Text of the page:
Environ's Emma Hayward said that, although dig and dump, (or 'excavate and dispose', as she so neatly put it), was still the most common form of remediation, in-situ forms such as chemical oxidation and reactive barriers were rapidly increasing in usage, as were ex-situ treatments such as thermal desorption.
Nigel Clarke of Enviros said that new technology and remediation techniques were essential for growth, but that no single technology had come out on top yet, and that there was no definitive "best" way to clean up a site.
"Most places are still considering their options site-by-site, so it's still a very muddy picture," he said. "We've still got a long way to go before the strategies around this are clear."
In addition, remediators are increasingly finding that, to capitalise on the variety of market activity, they were having to offer a "complete service" from start to finish, not just one aspect of the process.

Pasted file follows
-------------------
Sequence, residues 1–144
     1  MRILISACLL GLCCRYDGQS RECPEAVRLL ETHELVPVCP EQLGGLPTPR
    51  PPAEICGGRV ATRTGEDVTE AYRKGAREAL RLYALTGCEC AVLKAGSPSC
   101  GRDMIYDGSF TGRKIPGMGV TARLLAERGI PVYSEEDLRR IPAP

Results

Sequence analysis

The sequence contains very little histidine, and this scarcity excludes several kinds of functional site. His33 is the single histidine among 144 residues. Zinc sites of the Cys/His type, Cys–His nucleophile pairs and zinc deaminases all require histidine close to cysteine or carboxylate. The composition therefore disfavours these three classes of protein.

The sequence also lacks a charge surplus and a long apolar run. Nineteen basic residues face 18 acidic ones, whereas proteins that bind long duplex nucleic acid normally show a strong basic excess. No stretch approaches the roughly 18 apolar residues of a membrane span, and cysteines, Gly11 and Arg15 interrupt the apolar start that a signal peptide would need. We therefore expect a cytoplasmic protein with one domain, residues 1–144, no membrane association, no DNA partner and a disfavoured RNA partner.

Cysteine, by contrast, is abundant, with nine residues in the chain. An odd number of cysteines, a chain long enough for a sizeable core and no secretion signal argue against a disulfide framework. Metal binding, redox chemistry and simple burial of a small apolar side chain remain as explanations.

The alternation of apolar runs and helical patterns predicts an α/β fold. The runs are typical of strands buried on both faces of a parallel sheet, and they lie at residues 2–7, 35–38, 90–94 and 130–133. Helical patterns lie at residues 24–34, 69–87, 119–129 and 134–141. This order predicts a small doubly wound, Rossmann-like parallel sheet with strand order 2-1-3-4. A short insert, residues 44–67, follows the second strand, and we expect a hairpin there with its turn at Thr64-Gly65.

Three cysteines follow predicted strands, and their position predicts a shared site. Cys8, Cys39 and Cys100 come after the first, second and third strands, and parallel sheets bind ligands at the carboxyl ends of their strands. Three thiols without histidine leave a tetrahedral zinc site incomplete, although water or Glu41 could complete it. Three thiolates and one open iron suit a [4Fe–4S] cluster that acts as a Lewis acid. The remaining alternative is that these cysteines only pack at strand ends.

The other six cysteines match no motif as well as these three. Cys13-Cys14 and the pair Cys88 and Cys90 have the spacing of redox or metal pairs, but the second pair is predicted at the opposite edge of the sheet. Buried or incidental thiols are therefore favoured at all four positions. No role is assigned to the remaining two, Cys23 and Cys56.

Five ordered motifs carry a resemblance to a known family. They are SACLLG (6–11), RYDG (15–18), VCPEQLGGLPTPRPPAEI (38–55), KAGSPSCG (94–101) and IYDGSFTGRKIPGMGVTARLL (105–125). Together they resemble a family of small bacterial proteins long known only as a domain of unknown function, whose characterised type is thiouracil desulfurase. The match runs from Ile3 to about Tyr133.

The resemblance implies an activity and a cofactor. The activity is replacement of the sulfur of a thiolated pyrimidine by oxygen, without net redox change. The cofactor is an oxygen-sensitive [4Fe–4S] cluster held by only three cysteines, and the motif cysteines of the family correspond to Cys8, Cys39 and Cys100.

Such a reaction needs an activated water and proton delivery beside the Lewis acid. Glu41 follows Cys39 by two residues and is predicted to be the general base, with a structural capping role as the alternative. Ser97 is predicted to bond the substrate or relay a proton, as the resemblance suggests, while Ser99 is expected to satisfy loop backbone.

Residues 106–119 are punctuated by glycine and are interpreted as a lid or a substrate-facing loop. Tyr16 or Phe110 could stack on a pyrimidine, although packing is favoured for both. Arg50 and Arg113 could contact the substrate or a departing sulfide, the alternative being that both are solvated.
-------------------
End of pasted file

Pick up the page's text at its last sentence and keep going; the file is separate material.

"We try to work through the spectrum because we feel that's what clients are looking for," said Clarke, "more 'end-to-end' solutions, from site investigation and strategy, right through to remediation, design and passing it on to the developers."
"In the past, people have tended to work in different arenas but haven't provided a complete end-to-end service, but as brownfield development has become more of a strategic issue for the government it has created more opportunities," he added.